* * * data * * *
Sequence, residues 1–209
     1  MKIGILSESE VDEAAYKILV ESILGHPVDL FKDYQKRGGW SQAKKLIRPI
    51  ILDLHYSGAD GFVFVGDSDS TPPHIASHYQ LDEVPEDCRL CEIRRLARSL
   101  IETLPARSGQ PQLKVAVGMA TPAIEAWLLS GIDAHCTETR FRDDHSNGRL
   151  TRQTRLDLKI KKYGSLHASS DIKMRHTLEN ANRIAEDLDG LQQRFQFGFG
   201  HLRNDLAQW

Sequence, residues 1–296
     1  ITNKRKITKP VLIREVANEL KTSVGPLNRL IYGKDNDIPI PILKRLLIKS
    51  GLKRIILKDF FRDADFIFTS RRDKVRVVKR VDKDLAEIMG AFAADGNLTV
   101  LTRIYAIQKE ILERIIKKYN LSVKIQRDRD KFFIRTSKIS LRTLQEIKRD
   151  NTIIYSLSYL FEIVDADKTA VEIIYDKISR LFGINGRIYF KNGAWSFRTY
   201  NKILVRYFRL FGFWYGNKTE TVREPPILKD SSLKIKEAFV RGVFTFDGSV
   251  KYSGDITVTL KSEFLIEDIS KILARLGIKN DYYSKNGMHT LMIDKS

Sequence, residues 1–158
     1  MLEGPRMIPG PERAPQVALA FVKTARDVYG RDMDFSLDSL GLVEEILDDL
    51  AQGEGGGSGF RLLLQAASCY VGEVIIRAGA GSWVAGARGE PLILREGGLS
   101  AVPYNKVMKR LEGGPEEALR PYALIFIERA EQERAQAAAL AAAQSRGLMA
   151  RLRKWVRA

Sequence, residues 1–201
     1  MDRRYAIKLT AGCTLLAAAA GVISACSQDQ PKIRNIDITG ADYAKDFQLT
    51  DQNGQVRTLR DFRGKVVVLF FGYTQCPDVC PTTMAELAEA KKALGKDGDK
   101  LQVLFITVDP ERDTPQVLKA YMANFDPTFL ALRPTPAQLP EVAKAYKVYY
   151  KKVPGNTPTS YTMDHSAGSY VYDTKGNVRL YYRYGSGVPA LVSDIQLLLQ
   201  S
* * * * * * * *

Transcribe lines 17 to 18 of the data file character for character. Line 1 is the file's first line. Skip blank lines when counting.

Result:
   101  AVPYNKVMKR LEGGPEEALR PYALIFIERA EQERAQAAAL AAAQSRGLMA
   151  RLRKWVRA